Financial Advisor Satisfaction Study Highlights Opportunities
According to a 2023 U.S. Financial Advisor Satisfaction Study by J.D. Power, “U.S. wealth management firms have an advisor engagement problem,” citing a few major concerns:
28% of financial advisors don't feel they have enough time to spend with clients, citing compliance and administrative tasks as the primary reasons.
20% are within five years of retiring, and nearly a third of advisors now say they'll "likely" stay at their current firm for 1-2 more years, unlike their prior "definitely will" stance.
Satisfaction scores were significantly lower for advisors who felt they did not have enough time for clients.
But the news wasn’t all bad:
The top reasons given by advisors who said they were likely to stay for the long term included: a strong culture, company leadership, professional support, training, and development.
Among employee advisors, female advisors were significantly more satisfied in their careers than their male counterparts but still accounted for less than a quarter of the advisor population surveyed.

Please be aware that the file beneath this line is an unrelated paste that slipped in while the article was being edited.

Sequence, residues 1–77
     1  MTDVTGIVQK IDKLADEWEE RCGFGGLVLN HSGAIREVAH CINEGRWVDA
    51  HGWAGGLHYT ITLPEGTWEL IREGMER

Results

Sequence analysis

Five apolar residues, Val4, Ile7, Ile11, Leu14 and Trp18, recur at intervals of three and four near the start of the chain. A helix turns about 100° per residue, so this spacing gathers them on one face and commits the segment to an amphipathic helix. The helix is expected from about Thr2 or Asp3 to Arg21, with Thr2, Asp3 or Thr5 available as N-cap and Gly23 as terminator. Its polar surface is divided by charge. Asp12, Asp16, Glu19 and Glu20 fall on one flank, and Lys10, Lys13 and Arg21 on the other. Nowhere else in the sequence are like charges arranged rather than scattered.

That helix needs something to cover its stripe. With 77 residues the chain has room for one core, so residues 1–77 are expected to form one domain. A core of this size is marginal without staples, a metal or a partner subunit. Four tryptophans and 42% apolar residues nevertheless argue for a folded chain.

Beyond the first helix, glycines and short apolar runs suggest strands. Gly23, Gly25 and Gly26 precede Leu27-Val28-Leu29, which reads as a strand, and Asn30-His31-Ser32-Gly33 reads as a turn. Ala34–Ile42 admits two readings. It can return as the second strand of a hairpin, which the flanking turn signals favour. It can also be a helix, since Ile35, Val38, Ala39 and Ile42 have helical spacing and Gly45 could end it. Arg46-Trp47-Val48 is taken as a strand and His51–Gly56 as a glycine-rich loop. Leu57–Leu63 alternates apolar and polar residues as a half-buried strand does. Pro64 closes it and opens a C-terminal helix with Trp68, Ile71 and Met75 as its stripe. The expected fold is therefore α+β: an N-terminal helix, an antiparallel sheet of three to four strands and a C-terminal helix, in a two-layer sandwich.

For firms, a few lessons seem clear:
Offering administrative leverage and helping to remove compliance friction points gives advisors more time with clients and improves advisor satisfaction.
An aging advisor population requires immediate and significant investment in the next generation of client-centric advisor talent.
Satisfaction matters for retention: “93% of advisors who felt their firm cares about them say they will definitely still be there in 1-2 years.”
The most appreciated investments include providing strong leadership, creating a strong culture, and ensuring advisors are supported with personalized professional development training.
Christy Charise, Founder & CEO of Strategic Advisor